Tagged With information

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It's easier than ever for someone to create a website and post completely made up stories that become international headlines. This makes it harder to tell truth from fiction or share news with others who may not be able to tell the difference either. Luckily, fake news isn't too difficult to spot. Here's how, and how to filter it out of your feeds.

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We now have access to an internet containing a vast store of information much bigger than any individual brain can carry -- and that's not always a good thing. Psychology professor David Dunning explains how you can stay smart online. (Step 1: Don't believe everything you see or read.)

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Whether you're the person others always turn to for tech support or you'd like to learn how to really use sites like Facebook, Netflix, Spotify, and YouTube but don't just want to fumble around, Techboomers is a new service that has well-paced, guided lessons to each of those sites and their best features. Plus, it's all free.

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Blogger Steve Rubel discusses his methods for mitigating the Attention Crash caused by modern information overload while remaining well-informed. In the midst of all the demands new technology and information place on our lives, Steve keeps up by making unusable time usable. I read a ton. However, I have mastered how to stuff it into pockets of time that are normally "unusable." I get through about one business book a week by listening to them when I commute, travel and run errands. In addition, I use Instapaper.com (more) to bookmark articles I want to read.I doubt Rubel is the only one to listen to a book on his commute, so let's hear how you take advantage of unusable time in the comments. Three Ways to Mitigate the Attention Crash, Yet Still Feel Informed

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View the relationships between words using webapp Visual Thesaurus which displays synonyms, antonyms, adverbs, and adjectives for any particular search word. Enter a phrase in the search box. Your search term will appear in the center of the screen and additional nodes will crop up to indicate related terms. Click on any of these nodes to dig deeper and get more word associations. Mouseover any node to get a quick definition. Visual Thesaurus is a powerful tool that quickly builds vocabulary. The only downside is that the application runs for a limited amount of queries and then you're prompted to pay the $2.95/month fee. (Tip: Reopen the Java application and you can run additional searches.) Previously mentioned VisuWords does nearly the same thing (albeit slower) and is completely free. Visual Thesaurus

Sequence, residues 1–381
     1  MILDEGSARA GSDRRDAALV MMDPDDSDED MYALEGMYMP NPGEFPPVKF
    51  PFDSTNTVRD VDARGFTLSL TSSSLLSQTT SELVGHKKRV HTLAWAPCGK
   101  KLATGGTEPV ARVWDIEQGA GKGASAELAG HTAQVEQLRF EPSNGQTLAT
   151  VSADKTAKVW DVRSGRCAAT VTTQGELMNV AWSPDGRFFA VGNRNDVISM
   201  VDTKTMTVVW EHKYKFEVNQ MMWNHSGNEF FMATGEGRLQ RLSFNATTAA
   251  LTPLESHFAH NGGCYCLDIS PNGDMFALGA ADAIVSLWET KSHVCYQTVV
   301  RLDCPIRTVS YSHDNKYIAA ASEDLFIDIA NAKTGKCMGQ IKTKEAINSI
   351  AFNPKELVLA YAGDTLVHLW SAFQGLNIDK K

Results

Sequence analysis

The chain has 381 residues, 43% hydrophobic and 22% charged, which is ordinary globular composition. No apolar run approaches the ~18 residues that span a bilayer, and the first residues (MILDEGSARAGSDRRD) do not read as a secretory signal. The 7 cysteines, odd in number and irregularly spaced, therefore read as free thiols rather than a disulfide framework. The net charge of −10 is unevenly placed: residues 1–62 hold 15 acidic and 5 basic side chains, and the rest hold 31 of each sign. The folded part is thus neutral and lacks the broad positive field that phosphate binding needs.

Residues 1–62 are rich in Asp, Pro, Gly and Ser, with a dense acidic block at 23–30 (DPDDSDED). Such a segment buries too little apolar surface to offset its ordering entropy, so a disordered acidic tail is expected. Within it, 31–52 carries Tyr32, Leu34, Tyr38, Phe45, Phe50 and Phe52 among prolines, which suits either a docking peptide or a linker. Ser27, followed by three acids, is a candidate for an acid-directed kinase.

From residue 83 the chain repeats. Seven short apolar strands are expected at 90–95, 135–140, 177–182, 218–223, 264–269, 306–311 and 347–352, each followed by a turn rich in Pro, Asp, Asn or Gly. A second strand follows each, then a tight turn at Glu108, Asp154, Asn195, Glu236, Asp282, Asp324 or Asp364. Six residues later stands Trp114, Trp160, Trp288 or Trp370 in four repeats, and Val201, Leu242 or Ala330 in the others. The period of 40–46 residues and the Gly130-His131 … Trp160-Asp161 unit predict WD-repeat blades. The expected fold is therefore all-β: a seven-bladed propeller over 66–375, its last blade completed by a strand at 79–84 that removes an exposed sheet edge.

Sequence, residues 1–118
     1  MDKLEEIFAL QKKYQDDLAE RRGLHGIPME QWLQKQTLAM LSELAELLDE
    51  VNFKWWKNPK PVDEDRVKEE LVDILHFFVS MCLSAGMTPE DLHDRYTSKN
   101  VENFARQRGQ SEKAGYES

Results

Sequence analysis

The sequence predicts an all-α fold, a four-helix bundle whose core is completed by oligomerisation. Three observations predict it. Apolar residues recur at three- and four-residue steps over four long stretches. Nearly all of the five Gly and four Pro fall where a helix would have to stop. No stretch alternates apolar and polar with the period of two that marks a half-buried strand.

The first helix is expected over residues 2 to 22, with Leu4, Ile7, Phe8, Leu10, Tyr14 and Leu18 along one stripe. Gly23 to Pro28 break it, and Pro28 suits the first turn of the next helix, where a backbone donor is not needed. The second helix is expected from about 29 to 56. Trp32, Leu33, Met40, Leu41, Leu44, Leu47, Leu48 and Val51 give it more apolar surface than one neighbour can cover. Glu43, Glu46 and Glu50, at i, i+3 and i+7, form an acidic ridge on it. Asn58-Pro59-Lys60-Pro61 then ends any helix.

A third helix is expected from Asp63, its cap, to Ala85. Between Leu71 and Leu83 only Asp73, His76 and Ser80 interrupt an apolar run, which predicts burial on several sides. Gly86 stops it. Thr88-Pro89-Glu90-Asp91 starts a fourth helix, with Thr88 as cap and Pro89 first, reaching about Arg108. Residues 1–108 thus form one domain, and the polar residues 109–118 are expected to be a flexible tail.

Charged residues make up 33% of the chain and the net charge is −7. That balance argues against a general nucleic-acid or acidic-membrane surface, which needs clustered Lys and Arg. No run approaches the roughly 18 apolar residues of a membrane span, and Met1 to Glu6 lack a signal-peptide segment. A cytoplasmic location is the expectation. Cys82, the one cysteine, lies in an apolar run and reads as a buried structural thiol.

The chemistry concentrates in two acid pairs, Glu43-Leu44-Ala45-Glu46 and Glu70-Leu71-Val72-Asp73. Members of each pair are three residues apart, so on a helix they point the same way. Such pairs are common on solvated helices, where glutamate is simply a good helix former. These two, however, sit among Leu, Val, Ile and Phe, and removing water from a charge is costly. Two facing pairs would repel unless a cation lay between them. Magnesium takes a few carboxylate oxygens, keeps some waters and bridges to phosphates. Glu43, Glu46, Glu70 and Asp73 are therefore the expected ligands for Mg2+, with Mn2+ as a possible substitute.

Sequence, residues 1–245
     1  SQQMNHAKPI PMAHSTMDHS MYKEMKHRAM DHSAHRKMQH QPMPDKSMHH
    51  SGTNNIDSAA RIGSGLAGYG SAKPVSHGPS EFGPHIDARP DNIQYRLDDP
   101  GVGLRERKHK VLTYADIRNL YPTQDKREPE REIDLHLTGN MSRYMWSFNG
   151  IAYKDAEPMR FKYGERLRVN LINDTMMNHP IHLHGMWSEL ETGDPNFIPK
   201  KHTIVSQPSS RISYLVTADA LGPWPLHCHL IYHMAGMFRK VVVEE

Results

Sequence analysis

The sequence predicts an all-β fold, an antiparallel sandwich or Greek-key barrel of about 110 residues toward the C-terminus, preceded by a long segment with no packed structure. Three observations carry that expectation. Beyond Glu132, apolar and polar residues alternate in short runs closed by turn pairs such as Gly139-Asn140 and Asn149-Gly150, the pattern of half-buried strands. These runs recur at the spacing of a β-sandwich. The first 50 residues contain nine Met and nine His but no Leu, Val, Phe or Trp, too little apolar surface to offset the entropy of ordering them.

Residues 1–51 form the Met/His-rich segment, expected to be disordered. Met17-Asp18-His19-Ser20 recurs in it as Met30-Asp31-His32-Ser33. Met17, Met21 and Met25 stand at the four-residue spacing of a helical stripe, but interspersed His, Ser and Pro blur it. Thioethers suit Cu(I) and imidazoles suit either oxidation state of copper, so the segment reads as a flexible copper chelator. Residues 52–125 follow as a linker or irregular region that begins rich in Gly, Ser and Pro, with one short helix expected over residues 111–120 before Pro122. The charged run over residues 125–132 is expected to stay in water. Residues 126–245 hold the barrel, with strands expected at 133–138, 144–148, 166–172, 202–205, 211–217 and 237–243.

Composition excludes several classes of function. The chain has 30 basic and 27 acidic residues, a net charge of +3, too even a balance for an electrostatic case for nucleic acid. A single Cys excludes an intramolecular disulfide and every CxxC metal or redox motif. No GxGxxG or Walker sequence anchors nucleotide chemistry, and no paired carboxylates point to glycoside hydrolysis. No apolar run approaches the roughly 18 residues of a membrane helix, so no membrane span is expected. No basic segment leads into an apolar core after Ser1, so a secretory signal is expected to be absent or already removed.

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Translate words and phrases easily with online dictionary Definr. The dictionary attempts to autocomplete your word as you type and pumps out results quickly with synonyms and antonyms (if applicable). While Definr is missing some translations, it performs very well (and fast, as promised) and has potential to become a handy alternative for the Google define search operator.

Definr

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Web site Visuwords defines and displays relationships between words in a fast and effective graphical map of meaning. When you first search for a word with Visuwords, you'll see the word pop up in the centre and nodes pop out from there for each meaning of the word. Each of those nodes will spawn their own relational nodes, connected by lines that indicate meaning (for example, a red diamond indicates an antonym), and double-clicking any of those nodes will expand your tree of meaning from that point. Visuwords is a quick visual dictionary-and-thesaurus-in-one tool that offers a fresh and useful way to look at words, understand meanings, and find new ways of saying what you're looking to say.

Visuwords

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Look up words, phrases, idioms, and acronyms with MetaGlossary, a dictionary that harvests data from all over the internet to provide users with rich, detailed results for particular search terms. MetaGlossary provides information about everything from song titles and phrases used in pop culture to standard dictionary words. It's a decent alternative to Google's dictionary, though it couldn't find any results for some search terms that I tried. However, it was able to determine what "lifehacker" was, so it gets a thumbs-up.

MetaGlossary

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If you're researching medical terms, you might want to check out Curehunter, a medical dictionary that allows you to search for disease, drug, or therapy information. Type in any term that fits in these parameters, and you'll get in-depth explanations as well as a visual "tree" of related terms. Click on any of these terms to explore relationships; not all of them are necessarily absolutely relevant to your original query, but they do provide good fodder for further research.
CureHunter